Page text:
For the last two years it has been my privilege to photograph Turlock's high school seniors as they walk across the graduation stage. I have seen the tears, smiles, laughter and victory they experience as they receive their diplomas, all through the lens of my camera.
On my daily drive to work I pass by Central Park - otherwise known as Homeless Park. Every single day there are at least six, and usually more than 10, people lying around the park. These people are obviously homeless, as they have blankets, duffels bags and shopping carts full of stuff surrounding them.
Three weeks ago there was a wonderful fundraiser for the Turlock Animal Shelter held at Sunnyview Dog Park. Dozens of dog owners came to support the shelter by participating in a 5K dog walk. After the walk, many people stayed to visit the pet-centered vendor booths - and play in the off-leash area of the park.
This past week, the state Capitol was flooded with teachers from all over the state who are concerned about the future of public education in California. They're worried because California's persistent budget crisis has led to boom-bust budgeting for schools, which rely in large part on state funds to keep teachers in the classroom. And the recent economic downturn means more and more teachers are receiving pink slips come March 15.
May 13, 2011|
BY STATE SENATOR ANTHONY CANNELLA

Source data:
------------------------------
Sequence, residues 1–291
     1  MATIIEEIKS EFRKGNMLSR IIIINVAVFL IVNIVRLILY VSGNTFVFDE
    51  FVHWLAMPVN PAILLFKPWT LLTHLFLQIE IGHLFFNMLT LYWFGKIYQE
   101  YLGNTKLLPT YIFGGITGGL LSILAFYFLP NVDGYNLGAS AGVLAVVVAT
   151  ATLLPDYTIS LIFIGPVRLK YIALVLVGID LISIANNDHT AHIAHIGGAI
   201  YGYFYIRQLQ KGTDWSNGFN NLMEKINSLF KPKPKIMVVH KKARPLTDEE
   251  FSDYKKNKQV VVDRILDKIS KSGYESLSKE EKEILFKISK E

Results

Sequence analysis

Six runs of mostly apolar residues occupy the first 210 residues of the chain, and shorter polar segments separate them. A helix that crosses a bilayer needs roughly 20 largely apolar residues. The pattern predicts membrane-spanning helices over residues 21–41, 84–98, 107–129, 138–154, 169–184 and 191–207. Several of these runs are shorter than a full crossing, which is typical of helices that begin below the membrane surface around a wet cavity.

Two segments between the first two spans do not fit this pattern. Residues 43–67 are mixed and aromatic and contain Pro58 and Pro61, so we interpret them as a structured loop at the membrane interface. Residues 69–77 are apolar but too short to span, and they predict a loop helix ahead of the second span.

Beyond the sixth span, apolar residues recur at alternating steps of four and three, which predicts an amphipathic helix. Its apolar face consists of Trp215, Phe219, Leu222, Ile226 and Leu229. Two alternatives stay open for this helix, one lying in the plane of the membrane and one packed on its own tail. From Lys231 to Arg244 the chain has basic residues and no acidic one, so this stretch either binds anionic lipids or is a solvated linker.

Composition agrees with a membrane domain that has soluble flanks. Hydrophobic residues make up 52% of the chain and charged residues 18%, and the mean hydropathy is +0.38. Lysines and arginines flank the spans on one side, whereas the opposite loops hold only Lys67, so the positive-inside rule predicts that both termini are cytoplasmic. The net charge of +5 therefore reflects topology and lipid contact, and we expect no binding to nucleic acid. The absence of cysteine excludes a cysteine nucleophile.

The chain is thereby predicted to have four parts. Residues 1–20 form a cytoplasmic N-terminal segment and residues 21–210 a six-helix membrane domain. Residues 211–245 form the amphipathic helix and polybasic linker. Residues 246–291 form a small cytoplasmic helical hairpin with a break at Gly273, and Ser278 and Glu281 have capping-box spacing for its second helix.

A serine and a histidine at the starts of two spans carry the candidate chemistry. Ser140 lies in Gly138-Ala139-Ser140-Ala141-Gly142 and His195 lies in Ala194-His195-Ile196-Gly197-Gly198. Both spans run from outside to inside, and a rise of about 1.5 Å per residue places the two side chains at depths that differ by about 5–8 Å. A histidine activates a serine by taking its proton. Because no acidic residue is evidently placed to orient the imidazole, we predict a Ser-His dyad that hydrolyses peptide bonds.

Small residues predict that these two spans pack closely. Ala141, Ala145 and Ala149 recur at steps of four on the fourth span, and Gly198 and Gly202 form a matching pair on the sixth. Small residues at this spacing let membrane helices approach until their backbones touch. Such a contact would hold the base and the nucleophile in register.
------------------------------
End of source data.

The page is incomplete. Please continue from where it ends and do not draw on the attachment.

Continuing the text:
Being a journalist isn't easy. Despite the popularity of social networking sites and the proliferation of blogging every detail of one's daily life, most people still don't like talking to the press. And getting information from public officials is oftentimes daunting.
The big news is not that Osama bin Laden is dead. I mean, that is certainly big news, but a guy in hiding who has a record price tag on his head is not exactly an effective leader of a revolutionary movement. The big news, at least by my lights, is that Americans waving flags seem to be the biggest demonstrations going on.
May 06, 2011|
BY SUSAN ESTRICH
While listening to the haunting bagpipes of "Amazing Grace" during an April 9 memorial service honoring Pfc. Jeremy Faulkner in Jonesboro, Ga., I realized I had no idea what the 1779 song's famous lyrics, written by John Newton, actually meant. Faulkner's pastor, family, friends and fellow soldiers, who filled the huge church to capacity, helped clarify the beloved hymn's resonance.
April 22, 2011|
BY TOM SILEO